Courier Herald column for the week of July 9th:
My calendar says we’re now squarely into July, and it’s time for a seasonal adjustment. In Georgia, this means complaints should now focus on two distinct areas: the oppressive heat, or property tax increases. Tis the season, or something.
The truth is, there’s not much any of us can do about either. It’s also somewhat futile to try and explain the weather other than to say “It’s summer, it does this every year, and why are you acting surprised by this?”. Property taxes, however, have a bit more background and nuance, at least as far as understanding why things are the way they are.
Property taxes are solely a function of local tax revenues. The state quit taking a cut of your property tax bills decades ago. Note to those of you who want our tax structure to be more like Texas: Their legislature is in a special session trying to figure out how to lower Texans’ property tax burden, which is roughly double what an average Georgian pays.
Back here in Georgia, property taxes are set by multiple authorities that will differ slightly depending on where in the state you live. In all locations you will have a county government and a local school board, each wanting their take. If you live within a city, that’s another level of taxing authority added to your bill, though you’ll also get a credit from the county for the services that the city provides to avoid duplicate charges.
Each county has a tax assessor who is responsible for setting the value of each property. The total value of all properties is known as the “tax digest”. The board of education, county, and city if applicable each decide on their budget for the year, then divide that among all the property owners to determine their share of the total tax bill for each property.
This is all relatively mundane and boring until the values of properties start to increase rapidly, and/or the amount of the actual tax bills increase. When these notices begin to flow from the assessors, or the follow up bills come from the tax commissioners, then we’re in full complaint season.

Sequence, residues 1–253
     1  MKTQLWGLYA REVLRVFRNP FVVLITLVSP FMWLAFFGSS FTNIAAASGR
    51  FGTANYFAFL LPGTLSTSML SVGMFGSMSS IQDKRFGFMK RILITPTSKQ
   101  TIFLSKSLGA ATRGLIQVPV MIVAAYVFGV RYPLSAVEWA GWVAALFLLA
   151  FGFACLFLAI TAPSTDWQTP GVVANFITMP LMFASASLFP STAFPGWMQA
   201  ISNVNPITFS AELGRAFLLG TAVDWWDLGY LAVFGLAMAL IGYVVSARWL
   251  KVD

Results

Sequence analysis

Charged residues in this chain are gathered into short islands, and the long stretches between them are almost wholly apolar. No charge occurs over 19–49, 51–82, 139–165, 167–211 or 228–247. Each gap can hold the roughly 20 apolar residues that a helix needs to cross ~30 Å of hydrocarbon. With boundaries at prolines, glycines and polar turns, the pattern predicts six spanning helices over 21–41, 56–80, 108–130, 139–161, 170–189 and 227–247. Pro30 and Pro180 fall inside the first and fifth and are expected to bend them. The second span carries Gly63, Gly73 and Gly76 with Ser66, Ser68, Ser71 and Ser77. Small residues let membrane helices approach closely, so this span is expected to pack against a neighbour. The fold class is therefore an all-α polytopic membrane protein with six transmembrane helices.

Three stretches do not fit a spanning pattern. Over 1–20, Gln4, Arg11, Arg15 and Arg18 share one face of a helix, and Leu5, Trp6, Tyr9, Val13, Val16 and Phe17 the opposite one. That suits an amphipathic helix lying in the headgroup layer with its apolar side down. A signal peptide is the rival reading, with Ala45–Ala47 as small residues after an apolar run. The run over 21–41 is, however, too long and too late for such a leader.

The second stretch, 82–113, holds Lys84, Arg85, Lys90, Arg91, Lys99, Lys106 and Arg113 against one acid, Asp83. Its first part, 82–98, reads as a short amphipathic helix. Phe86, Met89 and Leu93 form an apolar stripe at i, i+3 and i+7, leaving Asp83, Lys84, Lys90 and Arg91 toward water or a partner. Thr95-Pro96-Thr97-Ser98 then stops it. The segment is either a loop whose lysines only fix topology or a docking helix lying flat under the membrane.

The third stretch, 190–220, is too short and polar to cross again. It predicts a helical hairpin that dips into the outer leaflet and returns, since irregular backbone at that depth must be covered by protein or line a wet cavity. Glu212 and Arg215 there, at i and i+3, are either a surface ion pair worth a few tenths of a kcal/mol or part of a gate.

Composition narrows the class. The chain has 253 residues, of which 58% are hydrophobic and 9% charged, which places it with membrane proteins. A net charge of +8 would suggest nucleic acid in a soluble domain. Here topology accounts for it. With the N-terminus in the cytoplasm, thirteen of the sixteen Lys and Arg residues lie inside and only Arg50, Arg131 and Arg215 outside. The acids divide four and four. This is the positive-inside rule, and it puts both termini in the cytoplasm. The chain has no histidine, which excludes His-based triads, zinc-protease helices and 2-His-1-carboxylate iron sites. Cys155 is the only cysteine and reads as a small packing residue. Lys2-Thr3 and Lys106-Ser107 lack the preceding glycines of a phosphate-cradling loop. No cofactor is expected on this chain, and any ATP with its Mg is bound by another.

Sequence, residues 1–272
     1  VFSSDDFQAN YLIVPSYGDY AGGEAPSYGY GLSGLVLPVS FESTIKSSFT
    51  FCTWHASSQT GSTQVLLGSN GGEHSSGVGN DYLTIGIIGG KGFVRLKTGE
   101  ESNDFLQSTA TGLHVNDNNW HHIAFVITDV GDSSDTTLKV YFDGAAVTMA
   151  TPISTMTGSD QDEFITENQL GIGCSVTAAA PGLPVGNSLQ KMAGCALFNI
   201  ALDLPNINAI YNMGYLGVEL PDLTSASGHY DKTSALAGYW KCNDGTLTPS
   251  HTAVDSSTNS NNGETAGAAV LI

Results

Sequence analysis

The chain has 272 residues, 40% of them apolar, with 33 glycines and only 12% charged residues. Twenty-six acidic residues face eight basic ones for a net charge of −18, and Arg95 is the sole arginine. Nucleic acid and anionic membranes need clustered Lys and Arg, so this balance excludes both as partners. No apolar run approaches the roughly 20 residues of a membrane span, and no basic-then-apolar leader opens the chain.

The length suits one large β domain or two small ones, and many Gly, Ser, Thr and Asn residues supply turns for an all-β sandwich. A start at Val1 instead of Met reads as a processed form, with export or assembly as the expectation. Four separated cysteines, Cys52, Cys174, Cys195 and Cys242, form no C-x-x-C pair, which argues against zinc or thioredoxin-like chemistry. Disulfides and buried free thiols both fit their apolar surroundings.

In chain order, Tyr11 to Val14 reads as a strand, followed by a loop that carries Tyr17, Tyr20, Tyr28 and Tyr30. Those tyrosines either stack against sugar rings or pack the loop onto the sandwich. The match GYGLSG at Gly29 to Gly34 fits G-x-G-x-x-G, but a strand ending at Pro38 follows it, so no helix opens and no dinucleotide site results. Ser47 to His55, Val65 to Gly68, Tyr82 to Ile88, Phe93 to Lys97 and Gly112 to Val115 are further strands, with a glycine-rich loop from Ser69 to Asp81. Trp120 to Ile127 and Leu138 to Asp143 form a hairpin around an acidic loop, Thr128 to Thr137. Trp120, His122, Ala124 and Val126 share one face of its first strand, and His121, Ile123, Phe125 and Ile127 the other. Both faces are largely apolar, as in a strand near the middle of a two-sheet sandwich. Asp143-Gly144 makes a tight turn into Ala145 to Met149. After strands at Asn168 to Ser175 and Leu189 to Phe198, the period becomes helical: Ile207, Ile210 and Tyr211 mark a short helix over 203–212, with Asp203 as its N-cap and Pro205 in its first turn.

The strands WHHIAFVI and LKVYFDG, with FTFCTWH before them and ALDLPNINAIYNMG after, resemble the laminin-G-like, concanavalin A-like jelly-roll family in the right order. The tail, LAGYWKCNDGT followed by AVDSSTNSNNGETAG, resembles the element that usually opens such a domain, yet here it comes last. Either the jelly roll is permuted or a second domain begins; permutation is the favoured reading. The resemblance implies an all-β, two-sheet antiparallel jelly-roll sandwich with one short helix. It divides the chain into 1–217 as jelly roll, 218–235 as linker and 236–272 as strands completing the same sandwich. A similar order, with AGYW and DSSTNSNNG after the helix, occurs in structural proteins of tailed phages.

While it varies from jurisdiction to jurisdiction, and property owner to property owner, it seems property tax bills are going up across the board. Rapidly increasing home values have equaled rising assessments, but city, county, and school board budgets are increasing too.
Roughly a quarter century ago, Georgia’s legislature passed the “property tax bill of rights” which included a provision that taxing authorities must either roll back the millage rate to adjust for increases in assessments, or must notify the public that they are increasing taxes. Commissions, councils, and school boards are often reluctant to vote for tax increases, especially in Republican controlled areas. Yet, inflation doesn’t just impact the properties being taxed, but the cost of delivering government services like police, fire, and education.
While it’s easy to complain about the ever increasing cost of government, and the burden that places on homeowners, there should be some empathy for those elected to fund the delivery of local services. They have to determine how much of a pay raise to give police and firemen who are also trying to put food on their families’ tables with ever increasing costs.
It’s not only more difficult to recruit new hires for all positions, but employee retention is a real problem as well. With today’s strong job market, workers are increasingly willing to change jobs or even careers to ensure their paychecks keep up with the cost of living.
This, of course, puts local governments in a bind. They can either tax in order to keep up with the cost of doing business, or let the quantity and/or quality of services offered decline in an effort to keep the budget low. The taxpayer solution is always “cut the fat” but, unfortunately, most governments don’t have a department of fat, making this line item ever elusive when the budget ax arrives.
“But other governments aren’t raising taxes, why is my county government?” Well, the state gets more than three quarters of its budget from income taxes and sales taxes. The revenue generated from these sources automatically increases with inflation. As wages and the price of goods rises, so do the revenues from taxing these items at predetermined rates.
Thus, like the summer heat in July, property tax increases are somewhat baked in. Does it mean that each increase is justified or the amount is only what is necessary? Absolutely not. But to determine that, each voter would have to – and should – pay attention to what is happening at their local level. Just understand the realities inherent within the system to better target criticisms and complaints.